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I am doing some performance analysis, and i wonder, whether numpy vectorizes its standard array operations, when the datatype is known (double).

a, b = (some numpy arrays)
c = a + b #Is this vectorized?

Edit: Is this operation vectorized, i.e. will the computation consist of SIMD operations?

4
  • 3
    well... yes? Why would you think otherwise?
    – Julien
    Jul 6, 2017 at 9:06
  • 6
    "Vectorized" in what sense? The usual sense in which the word is used in a NumPy context may not be the sense you're thinking of, if you're thinking of hardware-level SIMD operations. Jul 6, 2017 at 9:07
  • Numpy doesn't even have 8bit or 4bit data types, so it would be hard for it to take advantage of wide SIMD operations :( Dec 22, 2022 at 9:12
  • That is just wrong, numpy has byte. And with avx512 float and double is also pretty wide.
    – hr0m
    Dec 23, 2022 at 10:16

2 Answers 2

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Yes, they are.

/*
 * This file is for the definitions of simd vectorized operations.
 *
 * Currently contains sse2 functions that are built on amd64, x32 or
 * non-generic builds (CFLAGS=-march=...)
 * In future it may contain other instruction sets like AVX or NEON     detected
 * at runtime in which case it needs to be included indirectly via a file
 * compiled with special options (or use gcc target attributes) so the binary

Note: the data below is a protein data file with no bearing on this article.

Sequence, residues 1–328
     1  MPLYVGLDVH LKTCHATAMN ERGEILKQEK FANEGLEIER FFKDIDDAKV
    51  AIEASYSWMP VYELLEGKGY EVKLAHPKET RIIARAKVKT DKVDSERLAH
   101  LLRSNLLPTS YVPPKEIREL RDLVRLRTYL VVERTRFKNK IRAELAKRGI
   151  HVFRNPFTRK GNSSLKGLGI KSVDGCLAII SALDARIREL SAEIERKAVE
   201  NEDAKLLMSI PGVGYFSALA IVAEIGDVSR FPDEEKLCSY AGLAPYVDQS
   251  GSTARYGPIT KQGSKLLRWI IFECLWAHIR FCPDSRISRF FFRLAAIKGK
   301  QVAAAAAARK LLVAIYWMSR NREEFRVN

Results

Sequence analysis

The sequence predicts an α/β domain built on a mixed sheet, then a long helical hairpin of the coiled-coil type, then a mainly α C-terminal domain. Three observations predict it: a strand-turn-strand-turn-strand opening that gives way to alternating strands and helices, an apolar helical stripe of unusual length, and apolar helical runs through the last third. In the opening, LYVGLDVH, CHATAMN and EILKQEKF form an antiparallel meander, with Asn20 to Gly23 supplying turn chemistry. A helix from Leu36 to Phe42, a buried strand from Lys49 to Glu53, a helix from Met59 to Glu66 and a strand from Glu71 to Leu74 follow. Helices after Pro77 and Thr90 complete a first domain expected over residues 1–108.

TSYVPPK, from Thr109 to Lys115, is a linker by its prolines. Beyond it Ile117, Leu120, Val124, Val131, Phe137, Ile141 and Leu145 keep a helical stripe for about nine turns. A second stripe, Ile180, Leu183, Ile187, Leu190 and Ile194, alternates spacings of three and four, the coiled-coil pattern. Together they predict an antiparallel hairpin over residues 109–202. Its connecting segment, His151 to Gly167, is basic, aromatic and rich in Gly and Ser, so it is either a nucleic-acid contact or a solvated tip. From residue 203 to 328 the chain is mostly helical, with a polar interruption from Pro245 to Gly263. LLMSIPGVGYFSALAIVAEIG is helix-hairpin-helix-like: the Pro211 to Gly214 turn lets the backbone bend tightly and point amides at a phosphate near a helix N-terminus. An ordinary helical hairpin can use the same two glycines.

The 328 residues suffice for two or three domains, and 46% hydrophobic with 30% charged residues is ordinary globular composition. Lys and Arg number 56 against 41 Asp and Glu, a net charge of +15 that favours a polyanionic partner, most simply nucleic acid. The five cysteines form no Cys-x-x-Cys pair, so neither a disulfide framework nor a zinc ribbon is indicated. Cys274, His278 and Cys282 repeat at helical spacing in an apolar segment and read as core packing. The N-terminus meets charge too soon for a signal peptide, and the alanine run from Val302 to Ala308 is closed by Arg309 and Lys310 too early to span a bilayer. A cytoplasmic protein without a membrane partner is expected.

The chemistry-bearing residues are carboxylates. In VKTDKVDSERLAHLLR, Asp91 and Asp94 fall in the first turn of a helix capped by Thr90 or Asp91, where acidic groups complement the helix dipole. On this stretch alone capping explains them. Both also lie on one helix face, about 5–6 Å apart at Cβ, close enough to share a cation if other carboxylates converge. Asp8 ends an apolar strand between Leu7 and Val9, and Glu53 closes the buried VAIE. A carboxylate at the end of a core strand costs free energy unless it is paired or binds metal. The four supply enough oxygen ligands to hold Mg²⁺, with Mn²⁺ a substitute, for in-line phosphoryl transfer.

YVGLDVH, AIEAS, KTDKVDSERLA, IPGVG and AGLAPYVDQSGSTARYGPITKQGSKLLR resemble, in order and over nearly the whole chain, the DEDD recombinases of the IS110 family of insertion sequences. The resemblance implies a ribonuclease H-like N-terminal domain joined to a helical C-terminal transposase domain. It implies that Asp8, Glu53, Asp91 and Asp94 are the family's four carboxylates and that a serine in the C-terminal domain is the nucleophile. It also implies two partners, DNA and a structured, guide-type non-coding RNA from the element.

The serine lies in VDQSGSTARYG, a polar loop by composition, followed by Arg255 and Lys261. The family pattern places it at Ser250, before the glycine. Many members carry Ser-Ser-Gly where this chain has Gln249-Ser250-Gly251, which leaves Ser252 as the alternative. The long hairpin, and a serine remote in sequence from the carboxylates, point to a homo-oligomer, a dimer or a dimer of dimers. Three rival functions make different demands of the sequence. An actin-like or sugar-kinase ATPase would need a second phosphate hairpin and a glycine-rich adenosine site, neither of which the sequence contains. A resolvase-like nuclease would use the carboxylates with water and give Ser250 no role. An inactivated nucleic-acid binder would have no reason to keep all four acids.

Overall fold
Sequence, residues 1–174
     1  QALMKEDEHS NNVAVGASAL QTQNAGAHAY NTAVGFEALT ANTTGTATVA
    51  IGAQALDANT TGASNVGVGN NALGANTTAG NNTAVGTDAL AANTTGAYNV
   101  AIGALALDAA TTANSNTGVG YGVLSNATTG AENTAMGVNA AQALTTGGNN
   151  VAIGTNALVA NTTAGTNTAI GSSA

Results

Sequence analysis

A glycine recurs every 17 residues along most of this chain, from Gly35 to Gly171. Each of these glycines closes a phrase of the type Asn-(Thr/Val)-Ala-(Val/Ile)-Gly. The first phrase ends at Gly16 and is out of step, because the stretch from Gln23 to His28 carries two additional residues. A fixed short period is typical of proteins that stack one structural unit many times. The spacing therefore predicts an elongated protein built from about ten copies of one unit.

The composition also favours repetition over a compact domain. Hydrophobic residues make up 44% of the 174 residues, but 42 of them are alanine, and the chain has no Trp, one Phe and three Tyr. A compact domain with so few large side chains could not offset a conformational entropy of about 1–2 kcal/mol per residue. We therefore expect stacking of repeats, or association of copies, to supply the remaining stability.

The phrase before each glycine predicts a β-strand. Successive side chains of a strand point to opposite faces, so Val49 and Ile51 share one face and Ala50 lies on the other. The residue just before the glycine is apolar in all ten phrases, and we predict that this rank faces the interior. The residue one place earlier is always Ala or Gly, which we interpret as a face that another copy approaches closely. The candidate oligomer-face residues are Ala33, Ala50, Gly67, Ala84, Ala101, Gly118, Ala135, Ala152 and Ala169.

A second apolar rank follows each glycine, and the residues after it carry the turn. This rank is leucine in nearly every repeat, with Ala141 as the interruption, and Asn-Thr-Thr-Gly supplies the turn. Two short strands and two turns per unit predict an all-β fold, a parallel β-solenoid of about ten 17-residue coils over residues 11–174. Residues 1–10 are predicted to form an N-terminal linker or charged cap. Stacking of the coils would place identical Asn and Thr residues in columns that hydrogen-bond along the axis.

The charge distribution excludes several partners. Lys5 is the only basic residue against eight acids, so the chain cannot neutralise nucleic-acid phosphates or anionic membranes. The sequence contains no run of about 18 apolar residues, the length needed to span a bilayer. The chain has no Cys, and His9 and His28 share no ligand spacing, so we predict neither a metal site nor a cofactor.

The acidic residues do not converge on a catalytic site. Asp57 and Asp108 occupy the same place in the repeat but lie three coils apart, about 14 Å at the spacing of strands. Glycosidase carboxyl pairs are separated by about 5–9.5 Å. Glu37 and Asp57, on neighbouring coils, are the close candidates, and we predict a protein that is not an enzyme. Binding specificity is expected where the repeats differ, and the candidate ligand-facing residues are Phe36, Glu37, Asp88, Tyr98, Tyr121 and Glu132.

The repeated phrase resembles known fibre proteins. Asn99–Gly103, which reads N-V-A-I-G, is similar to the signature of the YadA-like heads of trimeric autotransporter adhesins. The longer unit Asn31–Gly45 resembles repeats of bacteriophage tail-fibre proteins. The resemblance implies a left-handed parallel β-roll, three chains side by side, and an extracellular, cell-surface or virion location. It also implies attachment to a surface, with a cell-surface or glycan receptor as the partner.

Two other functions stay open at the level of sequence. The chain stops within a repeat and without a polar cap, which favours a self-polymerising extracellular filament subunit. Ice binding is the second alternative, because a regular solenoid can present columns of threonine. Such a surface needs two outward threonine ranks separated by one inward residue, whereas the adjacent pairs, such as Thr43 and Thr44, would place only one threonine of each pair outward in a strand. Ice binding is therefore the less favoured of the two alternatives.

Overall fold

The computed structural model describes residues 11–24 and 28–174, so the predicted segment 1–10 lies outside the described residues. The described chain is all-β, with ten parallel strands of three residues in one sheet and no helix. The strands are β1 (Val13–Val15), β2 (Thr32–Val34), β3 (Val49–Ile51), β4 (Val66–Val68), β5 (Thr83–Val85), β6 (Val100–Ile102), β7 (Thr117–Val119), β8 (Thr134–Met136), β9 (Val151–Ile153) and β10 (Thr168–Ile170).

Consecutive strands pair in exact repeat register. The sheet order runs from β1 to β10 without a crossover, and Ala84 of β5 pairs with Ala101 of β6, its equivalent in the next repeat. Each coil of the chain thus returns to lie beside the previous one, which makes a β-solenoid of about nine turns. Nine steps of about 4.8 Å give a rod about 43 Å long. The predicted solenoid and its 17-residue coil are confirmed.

* stays portable.
 */

Link: Numpy simd.inc.src on github.

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  • Actually, NumPy does not. Here is an article that goes through NumPy code and demonstrating it through Matrix multiplication. Jan 14, 2021 at 23:52
  • 2
    @QuaziIrfan Article is titled with word "vectorization", but it really looks only for "parallelization", and only conclusion author made: "it does not capitalize on parallelization". So it doesn't really mean anything about SIMD.
    – Rustam A.
    May 29, 2021 at 20:49
  • Does it mean only float16 or float32 benefit from SIMD on a x86 architecture? Oct 18, 2021 at 14:11
2

i notice there is a comment from Quazi Irfan on henrikstroem's answer,which says numpy doesn't exploit vectorization and cites a blog in which the author made a "proof" by experiments.

so i go through the blog and found there is a gap may conduct a different conclusion:for numpy-array a and b,the arithmetic a*b is different with np.dot(a,b).the arithmetic(a*b) which the blog author tested is just scalar multiplication,not a matrix multiplication(np.dot(a,b)),even not a vector inner product.but the author still used a*b to compare with the original experiment which runs np.dot(a,b).the complexity of these two arithmetics are so different!

numpy certainly exploits vectorized by SIMD and BLAS,which can be found in its source code.the official numpy distribution supports a set of parallel manipulation(like np.dot),but not every functions(like np.where,np.mean).the blog author may choose an inappropriate function(a unvectorized function) to compare.

we can also see that in respect of multi-cores CPU usage.when executing numpy.dot(),all the cores are performing a high usage.Hence numpy must have vectorized(by BLAS) to avoid just using a single core because of the CPython's GIL restriction.

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  • 1) Could you provide the blog post? 2) Thread-level parallelism has nothing to do with instruction-level paralelism.
    – hr0m
    Dec 2, 2021 at 21:21

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